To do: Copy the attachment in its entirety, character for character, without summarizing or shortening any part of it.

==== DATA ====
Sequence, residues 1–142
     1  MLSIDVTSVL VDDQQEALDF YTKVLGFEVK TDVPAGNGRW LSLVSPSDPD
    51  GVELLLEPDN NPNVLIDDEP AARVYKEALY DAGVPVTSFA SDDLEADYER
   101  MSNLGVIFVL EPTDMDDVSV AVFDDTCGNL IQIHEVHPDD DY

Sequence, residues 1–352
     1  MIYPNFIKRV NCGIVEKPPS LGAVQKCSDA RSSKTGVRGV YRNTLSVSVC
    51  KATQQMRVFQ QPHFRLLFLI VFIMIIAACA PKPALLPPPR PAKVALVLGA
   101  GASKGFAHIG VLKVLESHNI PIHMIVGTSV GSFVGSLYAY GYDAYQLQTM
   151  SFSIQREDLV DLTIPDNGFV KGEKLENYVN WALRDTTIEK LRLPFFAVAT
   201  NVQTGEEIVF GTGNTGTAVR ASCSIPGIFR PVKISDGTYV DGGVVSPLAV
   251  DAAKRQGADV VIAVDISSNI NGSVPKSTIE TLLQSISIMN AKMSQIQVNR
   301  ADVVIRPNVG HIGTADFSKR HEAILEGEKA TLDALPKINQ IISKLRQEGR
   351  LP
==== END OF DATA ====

Sequence, residues 1–142
     1  MLSIDVTSVL VDDQQEALDF YTKVLGFEVK TDVPAGNGRW LSLVSPSDPD
    51  GVELLLEPDN NPNVLIDDEP AARVYKEALY DAGVPVTSFA SDDLEADYER
   101  MSNLGVIFVL EPTDMDDVSV AVFDDTCGNL IQIHEVHPDD DY

Sequence, residues 1–352
     1  MIYPNFIKRV NCGIVEKPPS LGAVQKCSDA RSSKTGVRGV YRNTLSVSVC
    51  KATQQMRVFQ QPHFRLLFLI VFIMIIAACA PKPALLPPPR PAKVALVLGA
   101  GASKGFAHIG VLKVLESHNI PIHMIVGTSV GSFVGSLYAY GYDAYQLQTM
   151  SFSIQREDLV DLTIPDNGFV KGEKLENYVN WALRDTTIEK LRLPFFAVAT
   201  NVQTGEEIVF GTGNTGTAVR ASCSIPGIFR PVKISDGTYV DGGVVSPLAV
   251  DAAKRQGADV VIAVDISSNI NGSVPKSTIE TLLQSISIMN AKMSQIQVNR
   301  ADVVIRPNVG HIGTADFSKR HEAILEGEKA TLDALPKINQ IISKLRQEGR
   351  LP